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Lomonosov Moscow State University (MSU) celebrates 260th anniversary

(01.04.15) At the start of this year Moscow State University (MSU), Russia's most famous university, celebrated its 260th anniversary. MSU was founded in 1755 on the recommendation of Mikhail Lomonosov, whose name it has borne since 1940. Today, with 40 000 students and 11 000 academic staff, it is the largest university in Russia and the most active in terms of research. To mark the anniversary, the rector of the university invited a large number of guests to share in the celebrations, including German partner universities and funding organisations such as the Deutsche Forschungsgemeinschaft (DFG, German Research Foundation).

The Rector of Bergakademie Freiberg is awarded an honorary professorship as part of the anniversary celebrations

One of the high points of the special event in the Great Hall, to which 2500 guests were invited, was the awarding of an honorary professorship to Professor Bernd Meyer, the rector of TU Bergakademie Freiberg (Freiberg University of Mining and Technology). TU Bergakademie Freiberg is one of the most well-known German universities to Russians because Mikhail Lomonosov was a student in both Marburg and Freiberg. It also maintains long-established partnerships with 15 Russian universities, including the National Mineral Resources University in St. Petersburg.

MSU frequently emerges as the best university in Russia by some distance in national and international rankings. It ranks 25th in the Times Higher Education World Reputation Rankings for 2015. It is more successful at securing third-party funding from national funding organisations such as the Russian Science Foundation (RSF) than any other research institute in the Russian Academy of Sciences (RAN). This is also reflected in the joint calls issued by the DFG and the Russian Foundation for Basic Research (RFFI).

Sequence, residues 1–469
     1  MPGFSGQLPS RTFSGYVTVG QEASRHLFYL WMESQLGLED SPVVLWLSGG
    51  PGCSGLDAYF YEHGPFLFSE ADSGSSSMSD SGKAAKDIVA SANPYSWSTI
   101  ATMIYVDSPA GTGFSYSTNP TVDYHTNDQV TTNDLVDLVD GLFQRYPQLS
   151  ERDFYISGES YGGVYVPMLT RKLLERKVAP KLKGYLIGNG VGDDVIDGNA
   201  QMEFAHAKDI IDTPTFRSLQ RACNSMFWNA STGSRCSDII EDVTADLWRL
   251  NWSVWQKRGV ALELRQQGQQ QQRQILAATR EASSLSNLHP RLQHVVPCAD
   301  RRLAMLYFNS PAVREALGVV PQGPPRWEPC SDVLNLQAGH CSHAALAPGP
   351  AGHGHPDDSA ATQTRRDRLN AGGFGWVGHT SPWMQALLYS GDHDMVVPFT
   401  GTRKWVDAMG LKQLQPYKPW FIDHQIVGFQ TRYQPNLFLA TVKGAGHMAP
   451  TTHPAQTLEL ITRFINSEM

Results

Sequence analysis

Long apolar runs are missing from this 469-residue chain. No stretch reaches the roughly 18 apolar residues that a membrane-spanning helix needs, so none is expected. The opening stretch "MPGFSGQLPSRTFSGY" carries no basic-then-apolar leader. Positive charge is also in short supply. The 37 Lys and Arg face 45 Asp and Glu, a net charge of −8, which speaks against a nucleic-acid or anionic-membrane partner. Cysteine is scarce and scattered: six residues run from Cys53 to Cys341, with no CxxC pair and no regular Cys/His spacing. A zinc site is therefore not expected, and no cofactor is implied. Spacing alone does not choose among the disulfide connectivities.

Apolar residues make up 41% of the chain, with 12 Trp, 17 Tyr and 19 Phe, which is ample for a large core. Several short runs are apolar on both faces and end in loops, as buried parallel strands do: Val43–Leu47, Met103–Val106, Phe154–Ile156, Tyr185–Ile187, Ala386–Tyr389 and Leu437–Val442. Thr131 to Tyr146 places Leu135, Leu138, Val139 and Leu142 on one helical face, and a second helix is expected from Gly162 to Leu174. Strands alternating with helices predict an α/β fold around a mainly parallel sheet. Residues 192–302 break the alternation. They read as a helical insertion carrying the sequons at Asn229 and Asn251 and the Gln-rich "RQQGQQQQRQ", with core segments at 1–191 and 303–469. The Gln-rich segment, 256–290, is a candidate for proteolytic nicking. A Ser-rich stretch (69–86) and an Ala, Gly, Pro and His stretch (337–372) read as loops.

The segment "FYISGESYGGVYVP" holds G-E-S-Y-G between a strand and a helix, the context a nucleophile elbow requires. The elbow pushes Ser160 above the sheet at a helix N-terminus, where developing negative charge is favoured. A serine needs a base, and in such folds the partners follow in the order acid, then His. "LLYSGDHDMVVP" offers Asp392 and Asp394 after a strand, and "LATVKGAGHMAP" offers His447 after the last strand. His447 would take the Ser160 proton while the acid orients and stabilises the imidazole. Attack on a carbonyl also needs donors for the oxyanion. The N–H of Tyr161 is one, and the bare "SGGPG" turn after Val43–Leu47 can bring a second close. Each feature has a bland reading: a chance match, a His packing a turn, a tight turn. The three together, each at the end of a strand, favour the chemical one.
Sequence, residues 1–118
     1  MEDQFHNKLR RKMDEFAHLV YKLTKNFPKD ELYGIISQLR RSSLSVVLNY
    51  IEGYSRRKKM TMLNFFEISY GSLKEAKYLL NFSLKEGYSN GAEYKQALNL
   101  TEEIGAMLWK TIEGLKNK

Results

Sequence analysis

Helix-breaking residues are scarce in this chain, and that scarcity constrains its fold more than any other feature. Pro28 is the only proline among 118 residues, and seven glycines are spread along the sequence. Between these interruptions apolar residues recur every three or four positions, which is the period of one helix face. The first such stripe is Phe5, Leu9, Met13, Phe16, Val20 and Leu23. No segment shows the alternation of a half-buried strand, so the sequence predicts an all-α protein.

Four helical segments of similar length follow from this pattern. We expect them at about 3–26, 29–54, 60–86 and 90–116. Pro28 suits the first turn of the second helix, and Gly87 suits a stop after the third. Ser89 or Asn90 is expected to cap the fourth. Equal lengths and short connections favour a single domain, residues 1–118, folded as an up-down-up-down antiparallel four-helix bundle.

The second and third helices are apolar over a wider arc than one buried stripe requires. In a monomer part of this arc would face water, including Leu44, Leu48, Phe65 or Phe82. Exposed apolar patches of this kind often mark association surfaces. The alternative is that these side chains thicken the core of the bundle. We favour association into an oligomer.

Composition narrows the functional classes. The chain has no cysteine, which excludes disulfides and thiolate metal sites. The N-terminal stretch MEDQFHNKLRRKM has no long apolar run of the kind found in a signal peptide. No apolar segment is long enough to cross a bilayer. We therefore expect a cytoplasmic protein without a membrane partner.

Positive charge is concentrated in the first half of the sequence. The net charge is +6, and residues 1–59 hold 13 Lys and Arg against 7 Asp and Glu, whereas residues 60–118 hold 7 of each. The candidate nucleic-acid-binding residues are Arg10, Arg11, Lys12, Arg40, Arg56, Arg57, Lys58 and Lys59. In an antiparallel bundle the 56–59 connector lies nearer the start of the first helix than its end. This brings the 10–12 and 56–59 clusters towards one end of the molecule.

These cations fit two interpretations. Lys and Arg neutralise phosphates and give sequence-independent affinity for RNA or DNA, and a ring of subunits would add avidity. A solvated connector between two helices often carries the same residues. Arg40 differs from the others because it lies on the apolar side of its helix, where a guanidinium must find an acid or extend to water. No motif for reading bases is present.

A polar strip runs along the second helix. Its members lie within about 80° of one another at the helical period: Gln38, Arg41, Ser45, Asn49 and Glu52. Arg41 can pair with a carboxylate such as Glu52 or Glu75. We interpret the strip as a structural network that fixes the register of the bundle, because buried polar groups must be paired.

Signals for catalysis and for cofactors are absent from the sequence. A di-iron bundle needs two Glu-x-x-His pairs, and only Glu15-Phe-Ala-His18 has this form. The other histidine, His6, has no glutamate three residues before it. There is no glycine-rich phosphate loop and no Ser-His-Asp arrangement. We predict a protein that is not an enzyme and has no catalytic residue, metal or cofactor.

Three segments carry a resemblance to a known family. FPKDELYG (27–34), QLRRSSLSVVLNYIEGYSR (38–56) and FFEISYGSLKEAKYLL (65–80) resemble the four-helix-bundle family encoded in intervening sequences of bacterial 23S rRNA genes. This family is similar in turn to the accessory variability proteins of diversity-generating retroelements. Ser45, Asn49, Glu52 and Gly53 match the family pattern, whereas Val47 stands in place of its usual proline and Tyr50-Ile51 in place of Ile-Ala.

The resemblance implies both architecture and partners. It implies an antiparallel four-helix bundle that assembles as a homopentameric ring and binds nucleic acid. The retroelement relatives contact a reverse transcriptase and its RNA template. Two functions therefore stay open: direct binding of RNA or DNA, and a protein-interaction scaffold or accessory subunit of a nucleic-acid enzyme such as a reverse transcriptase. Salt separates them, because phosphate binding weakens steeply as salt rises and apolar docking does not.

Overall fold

For example, the DFG and RFFI are currently funding 17 bilateral cooperation projects at MSU – more than at any other Russian research institution. The largest long-term German-Russian project at MSU is the International Research Training Group RTG 1956, a partnership with the universities of Giessen and Marburg set up in 2006 to study enzyme complexes. As well as the life sciences, there are also supported projects in soil and plant science, mathematics, astrophysics, experimental and theoretical physics, polymer chemistry and process engineering. The new DWIH Research Atlas and the online database GEPRIS provide information about research projects funded by the DFG as well as on the people and institutions involved.

Stefan Kaufmann (right) and Jörn Achterberg (DFG Moscow) at MSU with Vice-Rector Alexei Khokhlov (centre)

Stefan Kaufmann (right) and Jörn Achterberg (DFG Moscow) at MSU with Vice-Rector Alexei Khokhlov (centre)

Stefan Kaufmann, chair of the CDU/CSU parliamentary party in the Committee on Education, Research and Technology Assessment of the German Bundestag, saw MSU's impressive research capabilities for himself on a visit to the university in early March. In conversation with Vice-Rector Alexei Khokhlov, Head of Department for Innovations, Information and International Scientific Cooperation, and Jörn Achterberg (DFG Moscow), DFG-funded projects at Lomonosov University provided examples of best practice in bilateral university cooperation between Germany and Russia. Khokhlov, a physicist, member of the Presidium of the Russian Academy of Sciences (RAN) and chair of the scientific advisory council of the Russian Ministry of Education and Science (MON), has been actively involved in research cooperation with Germany for two decades. In 2013 he was awarded the Bundesverdienstkreuz at the University of Ulm, where he once led a project within the DFG Collaborative Research Centre "Hierarchical Structure Formation and Function of Organic-Inorganic Nanosystems" (CRC 569).